Extr@ – Learn English with videos A cool TV series, a funny sitcom, and an English course, all wrapped in one single package to make Extr@, the perfect way of learning natural English having fun.SEE THE OTHER EPISODES HERE !Do extr@ activities hereAnnie and Bridget share a flat. Their next-door neighbour Nick is a disorganized, humorous macho fellow. Bridget's Argentinean penpal, Hector, comes to London to visit her. His limited command of English serves as the central dynamic for the language learning content of the series. A Starting Point for Ensuring Student Online Privacy Our society is struggling with issues regarding individual privacy. Heated debates are occurring on topics that range from whether the government should be allowed to conduct mass surveillance of citizens to the information that companies should be allowed to collect based on one's computer activity -- and what they should be allowed to do with it. There are also concerns about the security of personal data in general -- consider the data breach at Target last year.
27 Cyber Bullying Statistics and Facts Cyber Bullying Statistics and Trends Cyberbullying is considered a form a bullying that transpires with electronic technology. This can include text messages, emails, and social media sites. How can film help you teach or learn English? What can film and video add to the learning experience? Kieran Donaghy Opens in a new tab or window., who won the British Council’s Teaching English blog award Opens in a new tab or window. for his post I want to learn English because… Opens in a new tab or window., explains why film is such a good resource, and recommends some useful websites. Language teachers have been using films in their classes for decades, and there are a number of reasons why film is an excellent teaching and learning tool. Learning from films is motivating and enjoyable Motivation is one of the most important factors in determining successful second-language acquisition.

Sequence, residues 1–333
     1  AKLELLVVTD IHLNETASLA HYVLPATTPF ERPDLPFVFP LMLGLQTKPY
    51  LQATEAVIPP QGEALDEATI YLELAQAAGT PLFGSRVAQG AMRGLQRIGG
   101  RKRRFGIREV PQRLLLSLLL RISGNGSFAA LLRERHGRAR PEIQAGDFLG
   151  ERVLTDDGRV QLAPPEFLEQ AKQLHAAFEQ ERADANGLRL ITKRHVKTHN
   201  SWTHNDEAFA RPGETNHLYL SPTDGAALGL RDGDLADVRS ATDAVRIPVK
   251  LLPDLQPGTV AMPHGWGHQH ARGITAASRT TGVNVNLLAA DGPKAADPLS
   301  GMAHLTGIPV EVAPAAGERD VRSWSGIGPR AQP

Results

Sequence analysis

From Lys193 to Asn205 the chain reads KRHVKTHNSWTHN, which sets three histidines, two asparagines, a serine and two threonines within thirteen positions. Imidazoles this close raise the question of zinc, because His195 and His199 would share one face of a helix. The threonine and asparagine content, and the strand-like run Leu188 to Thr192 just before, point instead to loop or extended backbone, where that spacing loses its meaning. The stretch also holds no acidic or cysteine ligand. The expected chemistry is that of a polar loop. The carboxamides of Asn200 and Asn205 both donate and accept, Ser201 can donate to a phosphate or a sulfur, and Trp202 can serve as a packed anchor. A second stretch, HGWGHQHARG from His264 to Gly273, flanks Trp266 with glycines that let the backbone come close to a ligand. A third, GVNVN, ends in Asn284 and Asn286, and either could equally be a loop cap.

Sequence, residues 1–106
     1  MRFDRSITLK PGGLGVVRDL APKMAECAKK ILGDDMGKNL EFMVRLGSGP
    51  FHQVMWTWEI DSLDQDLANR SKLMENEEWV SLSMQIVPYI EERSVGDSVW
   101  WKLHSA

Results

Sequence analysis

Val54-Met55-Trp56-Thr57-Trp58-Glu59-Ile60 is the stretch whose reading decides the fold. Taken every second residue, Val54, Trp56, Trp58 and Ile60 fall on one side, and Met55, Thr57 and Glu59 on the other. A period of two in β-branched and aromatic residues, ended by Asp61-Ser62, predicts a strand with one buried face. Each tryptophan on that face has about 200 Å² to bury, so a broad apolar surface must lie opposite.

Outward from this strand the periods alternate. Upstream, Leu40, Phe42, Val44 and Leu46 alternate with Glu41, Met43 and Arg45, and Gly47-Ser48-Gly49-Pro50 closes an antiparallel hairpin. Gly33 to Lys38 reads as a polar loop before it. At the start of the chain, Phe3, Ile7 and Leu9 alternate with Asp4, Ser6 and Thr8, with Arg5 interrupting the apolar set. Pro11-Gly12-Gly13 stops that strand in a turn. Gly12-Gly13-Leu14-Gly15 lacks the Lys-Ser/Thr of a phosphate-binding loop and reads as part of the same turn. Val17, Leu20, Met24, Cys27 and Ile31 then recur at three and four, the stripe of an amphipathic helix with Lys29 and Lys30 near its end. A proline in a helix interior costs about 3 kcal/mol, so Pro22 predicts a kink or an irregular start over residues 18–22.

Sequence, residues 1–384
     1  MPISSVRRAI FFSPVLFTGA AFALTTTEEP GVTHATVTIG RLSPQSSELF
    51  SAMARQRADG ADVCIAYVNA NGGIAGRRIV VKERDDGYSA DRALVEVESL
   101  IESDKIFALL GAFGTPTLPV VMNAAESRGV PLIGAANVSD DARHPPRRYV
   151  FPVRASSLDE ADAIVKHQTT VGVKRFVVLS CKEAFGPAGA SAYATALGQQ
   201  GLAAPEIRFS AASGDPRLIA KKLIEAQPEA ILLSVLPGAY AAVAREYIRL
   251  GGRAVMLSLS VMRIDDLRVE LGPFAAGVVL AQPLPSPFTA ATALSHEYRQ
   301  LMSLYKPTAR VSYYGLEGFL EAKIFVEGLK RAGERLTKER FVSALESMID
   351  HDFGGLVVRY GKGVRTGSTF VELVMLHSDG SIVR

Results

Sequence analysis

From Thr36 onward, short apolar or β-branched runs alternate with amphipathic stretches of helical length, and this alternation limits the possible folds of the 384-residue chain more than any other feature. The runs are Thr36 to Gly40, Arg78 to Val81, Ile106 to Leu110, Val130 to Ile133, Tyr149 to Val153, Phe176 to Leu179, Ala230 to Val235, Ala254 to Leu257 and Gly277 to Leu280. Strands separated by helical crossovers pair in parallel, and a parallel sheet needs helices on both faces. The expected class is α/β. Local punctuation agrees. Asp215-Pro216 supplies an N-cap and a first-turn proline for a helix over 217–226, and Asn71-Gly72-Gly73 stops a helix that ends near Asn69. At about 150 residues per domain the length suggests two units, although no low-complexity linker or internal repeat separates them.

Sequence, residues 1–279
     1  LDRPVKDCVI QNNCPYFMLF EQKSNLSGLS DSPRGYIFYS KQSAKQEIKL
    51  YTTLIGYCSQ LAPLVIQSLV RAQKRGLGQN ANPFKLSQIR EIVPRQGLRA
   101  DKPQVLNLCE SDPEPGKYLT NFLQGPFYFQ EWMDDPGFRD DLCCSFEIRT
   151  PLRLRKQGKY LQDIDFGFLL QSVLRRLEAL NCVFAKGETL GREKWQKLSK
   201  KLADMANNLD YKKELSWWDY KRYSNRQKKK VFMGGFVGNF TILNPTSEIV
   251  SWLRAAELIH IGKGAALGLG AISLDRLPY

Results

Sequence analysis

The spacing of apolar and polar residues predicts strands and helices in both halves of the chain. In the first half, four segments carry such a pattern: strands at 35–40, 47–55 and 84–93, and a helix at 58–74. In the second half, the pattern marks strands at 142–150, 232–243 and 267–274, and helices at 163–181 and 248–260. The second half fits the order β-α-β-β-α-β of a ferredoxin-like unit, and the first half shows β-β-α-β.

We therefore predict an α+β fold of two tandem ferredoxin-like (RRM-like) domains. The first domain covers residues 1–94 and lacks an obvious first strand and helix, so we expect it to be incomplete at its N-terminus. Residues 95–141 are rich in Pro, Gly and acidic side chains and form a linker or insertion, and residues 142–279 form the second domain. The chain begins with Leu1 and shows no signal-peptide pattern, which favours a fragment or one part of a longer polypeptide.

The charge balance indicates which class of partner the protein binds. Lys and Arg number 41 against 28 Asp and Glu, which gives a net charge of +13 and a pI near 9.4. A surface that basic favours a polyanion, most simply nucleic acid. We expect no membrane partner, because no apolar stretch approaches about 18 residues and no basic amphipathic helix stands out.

Cyberbullying - let's fight it together The music throughout the film is a song by Ben Folds called Still Fighting It. You can listen to it here: JOE: Um … Hi. My name’s Joe. Cyber Bullying Statistics Cyber bullying statistics refers to Internet bullying. Cyber bullying is a form of teen violence that can do lasting harm to young people. Bullying statistics show that cyber bullying is a serious problem among teens.
Selfie This EFL lesson plan is designed around a short film by Matthew Frost starring Kirsten Dunst, and the theme of celebrity selfies. Students discuss meeting famous people, roleplay meeting their hero or heroine, watch a short film and discuss selfies and celebrity selfies. I would ask all teachers who use Film English to consider buying my book Film in Action as the royalties which I receive from sales help to keep the website completely free. edutopia Is Social Media Relevant? Take the Quiz Before we talk social media, let's talk about the relevance of social media by taking a quiz. Which of the following is most likely to be true? Statistics on Bullying, Cyberbullying and Suicide Traditional Bullying Nearly 1 in 3 students (27.8%) report being bullied during the school year (National Center for Educational Statistics, 2013). The National Crime Victimization Survey of the 2011 school year found that 27.8% of students (ages12-18) reported being bullied at school, while 9% reported being cyber-bullied anywhere (NCES, 2013).
Vidéos mises en ligne de The CGBros Upload TheCGBros.com Subscription preferences Loading... Working... The CGBros Budd-e Stay Smart Online Share: Website: budd-e.staysmartonline.gov.auDescription: A superb e-safety resource with separate sections for primary and secondary students to work through. Choose to sign in to save progress or use without signing in.Category: Digital & Web Tools > E-safety & Web Savvy Other Links in This Section Think U Know
What is cyberbullying, exactly? what is it? :: how it works :: why cyberbully? :: prevention :: take action :: what's the law? The science of ‘Inside Out’: 5 TED-Ed Lessons to help you understand the film Inside Out, Pixar’s latest animated masterpiece, is not only an emotional rollercoaster, but also a vehicle for some solid scientific storytelling. Of course, the film can’t be taken literally, as it’s a visual interpretation of abstract concepts: memories are not spheres, and the train of thought is not … actually a train. To help clarify the trickier science, we’ve rounded up 5 TED-Ed Lessons that explain some of the neuroscience and psychology introduced in the film. Memories drive both the plot of Inside Out and most of the inner workings of Riley’s brain. But how do our brains actually store them for later retrieval? And are there different types of memories?